Jack Matthews Talks For the First Time About In-the-Works TV, Movie Studio in the Cedars

Back in June we noticed there were plans afoot to build a 150,000-square foot teevee and movie production facility at 2901 S. Lamar Street -- in a warehouse owned by a partnership that includes South Side on Lamar and convention center hotel developer Jack Matthews. The $400,000 build-out cost is being cushioned by a council-approved investment of $100,000 -- though Matthews tells Unfair Park that initial price tag is just that, the beginning of the beginning of his turning the empty space into a bustling hub of entertainment-making. And, reminds Dallas Film Commission head Janis Burklund, the city's investment does come with strings attached, among them, per last month's council agenda, Matthews and CCH Lamar Partners I, L.P., must have "a signed lease with a production company for a television series or feature film for a minimum 12 month term" and "make the property available for lease related to film, television and creative industry use for a term no less than 3 years."

The build-out's actually begin: The Good Guys has been kicked out of Fair Park to make way for the State Fair of Texas, and when the FOX series returns from a brief hiatus -- shooting on the 13 episodes originally ordered wrapped earlier this week -- in August, it'll move to the Cedars. Which only makes sense: Much of the show's been shot in that part of town -- hence its, well, authentically gritty '70s cop-show look Matt Nix says he came to Dallas for in the first place. Ah, but where some see grime, Matthews sees only opportunity.

"We have areas full of potential, no doubt about that," he says, grinning.

This is the first time Matthews has spoken publicly about the project, and he's reluctant to say too much, if only because he says he's been trying for so long to get something like this off the ground. Matthews says he and Burklund have been kicking around the idea of a studio for years and had once, about a decade ago, narrowed it down to an entirely different site on Industrial Boulevard, not far from the Longhorn Ballroom.

"I think we've helped her on some other short-term things, but this is the first concrete result," he says. "This property fit the criteria they were looking for. FOX needed 100,000-plus feet of space, which is better for them. They wanted it close to downtown. And they needed enough headroom."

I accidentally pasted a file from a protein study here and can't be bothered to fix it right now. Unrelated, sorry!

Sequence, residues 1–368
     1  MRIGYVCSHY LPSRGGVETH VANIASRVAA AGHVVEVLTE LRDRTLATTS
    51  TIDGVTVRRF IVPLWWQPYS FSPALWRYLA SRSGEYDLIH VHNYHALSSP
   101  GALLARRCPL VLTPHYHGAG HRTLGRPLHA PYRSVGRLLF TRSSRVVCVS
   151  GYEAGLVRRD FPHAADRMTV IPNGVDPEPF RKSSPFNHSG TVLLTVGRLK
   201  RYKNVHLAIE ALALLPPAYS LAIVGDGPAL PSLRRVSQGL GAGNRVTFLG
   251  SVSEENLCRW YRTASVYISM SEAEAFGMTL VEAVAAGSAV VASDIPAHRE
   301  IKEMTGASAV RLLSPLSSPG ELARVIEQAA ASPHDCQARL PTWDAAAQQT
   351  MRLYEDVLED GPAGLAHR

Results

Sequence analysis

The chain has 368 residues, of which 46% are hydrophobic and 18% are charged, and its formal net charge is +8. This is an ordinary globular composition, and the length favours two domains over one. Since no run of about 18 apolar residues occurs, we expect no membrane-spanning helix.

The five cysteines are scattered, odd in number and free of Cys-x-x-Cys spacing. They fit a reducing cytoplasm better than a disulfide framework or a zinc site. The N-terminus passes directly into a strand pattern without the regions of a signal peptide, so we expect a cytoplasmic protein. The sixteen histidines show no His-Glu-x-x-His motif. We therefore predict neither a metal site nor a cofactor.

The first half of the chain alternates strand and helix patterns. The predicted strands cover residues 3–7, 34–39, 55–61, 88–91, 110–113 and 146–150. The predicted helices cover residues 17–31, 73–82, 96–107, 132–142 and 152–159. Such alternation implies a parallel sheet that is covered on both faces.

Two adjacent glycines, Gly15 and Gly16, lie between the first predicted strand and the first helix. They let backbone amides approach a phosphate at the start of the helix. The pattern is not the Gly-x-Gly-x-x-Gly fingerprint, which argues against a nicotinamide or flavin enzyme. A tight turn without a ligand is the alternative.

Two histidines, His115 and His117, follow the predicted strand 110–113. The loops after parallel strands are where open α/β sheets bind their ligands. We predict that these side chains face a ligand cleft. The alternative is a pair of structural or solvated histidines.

The timing this time was perfect: There are three shows set to shoot here, including NBC's Chase (which will actually be headquartered in Farmers Branch) and FOX's Lonestar, which will use the Studios at Las Colinas as its base of operations. The Good Guys -- which had been lured here, in part, based upon the expectation it could shoot and scoot before the State Fair needed to set up -- was left homeless once FOX extended its run. From last month's council agenda: "Not currently having the size and amount of production space needed to accommodate these productions puts Dallas at a competitive disadvantage."

But Matthews says this isn't a one-show shot -- after all, The Good Guys could return for another season or dozen, or it could get canceled before its run runs out. Whatever happens with that show, Matthews talks about the studio as a seedling and nothing more at present.

"The improvements we've done for them are gonna be good for once that show stops shooting there," he says. "Of course, we'd like it go for 20, 30 years. But, basically, that space will be used for other people hopefully in the same business as time goes on. And the word is already out there. It's beginning to get out there, and people understand what the different Dallas alternatives area and that the list of alternatives is growing. This will become one of those. But our first business is to look after FOX, and then we'll worry about who's coming after them."

Matthews, of course, also views the studio as one piece of the larger puzzle he and other developers and speculators, among them Mark Cuban, have been assembling south of Interstate 30.

"The creativeness of South Side of Lamar and all the music pieces that go up and down Lamar Street running south of the convention center, this just adds another little piece of magic to all the things we're doing," he says. "It's related to but very different from what's already happening in that area. It's a very creative area. It's really happening, and the best way to see it's happening is the highly intelligent and creative people who live in the Cedars. I've always said the most interesting part of South Side isn't the building itself, but riding up and down in the elevator and the people you meet. It's very different than anything else in the city and maybe even the country."

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